Prescription fraud, waste, and abuse (FWA) costs consumers and payers hundreds of millions of dollars. According to the Pharmaceutical Care Management Association, typical examples of FWA include claims submitted with improper medication quantities, days’ supply, or coding as well as duplicative claims. One industry professional puts fraud into two categories: “hit-and-run” and “steal a little, all the time.” “Hit-and-run” perpetrators simply submit numerous fraudulent claims, receive payment, and vanish. In “steal a little, all the time,” perpetrators try to avoid detection so they can submit fraudulent claims over a long period of time.
FWA schemes centered around pain creams are well-known in the industry. One notorious drug is doxepin, which is often prescribed improperly, and is a good example of how quickly such schemes can become costly. One PSG client experienced this first hand, with a huge spike in spend —from roughly $100,000 and 50 utilizers to more than $1.6M (16x spend increase) and more than 350 (7x increase) utilizers in one year.
With utilization management procedures put in place, spend dropped to below $10,000 the year following the $1.6M. We then set out on a clear mission—find the next FWA scheme before it became a $1.6 million problem. Our approach was true to our DNA, one that combined our extensive FWA and clinical expertise with cutting-edge machine learning. The results were astounding.
To start, we did an analysis of 2017 doxepin claims and compiled a network of pharmacies, members, and prescribers involved with doxepin to create a list of potential “bad actors.” We knew that the client had implemented strong clinical controls to prevent inappropriate utilization of doxepin at the beginning of 2018. So we used data science algorithms to analyze thousands of 2018 claims from these “bad actors” to identify other drugs that were prone to abuse. This network analysis produced a list of drug codes which, when combined with their history and context, were revealed to be part of several common suspicious archetypes:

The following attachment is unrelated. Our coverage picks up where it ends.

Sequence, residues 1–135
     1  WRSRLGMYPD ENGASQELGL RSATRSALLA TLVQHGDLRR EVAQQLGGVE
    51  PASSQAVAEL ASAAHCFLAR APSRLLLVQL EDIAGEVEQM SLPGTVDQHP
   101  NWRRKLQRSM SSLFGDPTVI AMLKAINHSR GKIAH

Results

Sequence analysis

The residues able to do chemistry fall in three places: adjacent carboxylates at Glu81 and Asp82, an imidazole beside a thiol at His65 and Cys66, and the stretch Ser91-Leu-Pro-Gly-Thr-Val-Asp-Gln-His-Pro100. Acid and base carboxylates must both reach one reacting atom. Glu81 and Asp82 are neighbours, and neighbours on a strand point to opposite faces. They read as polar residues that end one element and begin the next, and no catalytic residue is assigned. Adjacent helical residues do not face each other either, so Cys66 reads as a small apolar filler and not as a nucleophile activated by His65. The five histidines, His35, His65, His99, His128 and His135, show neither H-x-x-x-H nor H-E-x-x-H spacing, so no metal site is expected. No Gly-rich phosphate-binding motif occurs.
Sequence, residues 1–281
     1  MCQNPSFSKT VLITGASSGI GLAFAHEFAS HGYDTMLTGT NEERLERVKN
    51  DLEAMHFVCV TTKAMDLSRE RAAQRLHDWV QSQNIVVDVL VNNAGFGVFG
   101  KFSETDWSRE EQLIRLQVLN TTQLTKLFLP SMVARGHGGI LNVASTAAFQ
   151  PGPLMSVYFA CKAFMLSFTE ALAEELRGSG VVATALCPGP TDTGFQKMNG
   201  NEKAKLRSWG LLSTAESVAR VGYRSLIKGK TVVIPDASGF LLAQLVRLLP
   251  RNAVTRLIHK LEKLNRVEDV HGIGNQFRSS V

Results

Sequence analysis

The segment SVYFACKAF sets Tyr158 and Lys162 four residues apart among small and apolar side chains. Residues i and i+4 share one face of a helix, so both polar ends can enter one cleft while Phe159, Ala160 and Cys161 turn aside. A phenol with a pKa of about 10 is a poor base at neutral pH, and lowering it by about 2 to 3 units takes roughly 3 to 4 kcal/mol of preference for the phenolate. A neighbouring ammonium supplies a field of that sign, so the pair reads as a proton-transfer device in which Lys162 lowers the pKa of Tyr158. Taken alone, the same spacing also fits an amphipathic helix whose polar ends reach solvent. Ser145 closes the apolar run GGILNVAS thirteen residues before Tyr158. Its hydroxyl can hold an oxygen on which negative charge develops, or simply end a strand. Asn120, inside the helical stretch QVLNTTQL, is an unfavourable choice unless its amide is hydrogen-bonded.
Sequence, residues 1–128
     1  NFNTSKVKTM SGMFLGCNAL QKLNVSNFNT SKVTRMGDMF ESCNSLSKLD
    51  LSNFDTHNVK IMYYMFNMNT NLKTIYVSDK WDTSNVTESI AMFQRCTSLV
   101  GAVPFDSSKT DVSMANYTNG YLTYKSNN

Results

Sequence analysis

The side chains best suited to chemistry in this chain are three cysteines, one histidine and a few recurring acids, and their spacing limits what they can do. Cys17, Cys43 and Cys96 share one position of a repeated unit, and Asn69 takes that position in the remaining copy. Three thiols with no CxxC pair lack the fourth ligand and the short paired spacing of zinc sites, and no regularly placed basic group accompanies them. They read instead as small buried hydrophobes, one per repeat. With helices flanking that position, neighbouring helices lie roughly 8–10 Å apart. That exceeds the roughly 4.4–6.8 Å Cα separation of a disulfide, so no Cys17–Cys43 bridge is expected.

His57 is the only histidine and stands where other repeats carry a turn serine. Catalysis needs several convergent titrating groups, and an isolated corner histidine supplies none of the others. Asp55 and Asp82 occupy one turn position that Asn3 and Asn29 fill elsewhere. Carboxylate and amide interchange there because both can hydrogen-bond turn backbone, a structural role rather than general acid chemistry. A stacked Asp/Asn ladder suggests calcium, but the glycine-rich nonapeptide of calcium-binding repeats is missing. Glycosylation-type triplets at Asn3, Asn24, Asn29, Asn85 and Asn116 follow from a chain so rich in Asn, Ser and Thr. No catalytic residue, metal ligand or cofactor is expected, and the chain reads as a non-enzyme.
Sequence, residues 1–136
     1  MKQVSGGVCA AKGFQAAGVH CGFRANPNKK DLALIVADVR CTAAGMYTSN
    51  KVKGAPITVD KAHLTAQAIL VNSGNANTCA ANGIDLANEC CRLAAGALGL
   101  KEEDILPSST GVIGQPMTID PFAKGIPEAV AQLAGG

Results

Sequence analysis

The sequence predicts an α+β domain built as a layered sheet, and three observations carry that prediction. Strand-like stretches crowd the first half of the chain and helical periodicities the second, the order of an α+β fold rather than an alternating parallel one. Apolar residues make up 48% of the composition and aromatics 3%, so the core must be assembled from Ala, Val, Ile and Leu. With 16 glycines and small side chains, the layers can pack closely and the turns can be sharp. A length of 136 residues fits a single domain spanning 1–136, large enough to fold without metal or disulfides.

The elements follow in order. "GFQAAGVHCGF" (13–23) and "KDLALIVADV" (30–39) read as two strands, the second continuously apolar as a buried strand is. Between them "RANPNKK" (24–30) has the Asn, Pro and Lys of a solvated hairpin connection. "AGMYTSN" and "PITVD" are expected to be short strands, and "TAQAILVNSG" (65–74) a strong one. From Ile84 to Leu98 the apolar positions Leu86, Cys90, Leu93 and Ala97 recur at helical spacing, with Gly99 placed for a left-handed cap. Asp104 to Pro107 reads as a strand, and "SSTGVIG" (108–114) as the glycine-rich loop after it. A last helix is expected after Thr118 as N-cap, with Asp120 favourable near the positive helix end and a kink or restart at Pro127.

It’s important to note the cause-and-effect nature of fraud, waste, and abuse in prescription medication. Because we put in utilization management procedures for doxepin, several other drugs were identified as problematic during our analysis.
Detecting suspicious billing with machine learning
As part of the pilot, we also fed the shortlist of suspicious drugs through an unsupervised machine-learning algorithm to identify “bad actor” pharmacies in our client’s network. We flagged the pharmacies with a clinically inappropriate distribution of prescriptions filled. The worst offender filled 110 prescriptions for only 10 plan members at a cost of $1,211 per claim. PSG recommended an audit of these pharmacies.
Prevention is priceless
Fraud, waste, and abuse is a costly, disruptive issue for plans and their members. It’s also incredibly difficult to address. There are numerous manufacturing companies and drugs to track, it’s impossible to know who has member data, and pharmacies can close and quickly reopen under a new name. However, the success we experienced in this pilot program proves that prevention is possible—and indeed critical. The key was utilizing our proprietary analytics platform and advanced data science techniques.
Do you want to prevent the next $1.6M scheme? Contact PSG today for a custom FWA analysis based on your unique data.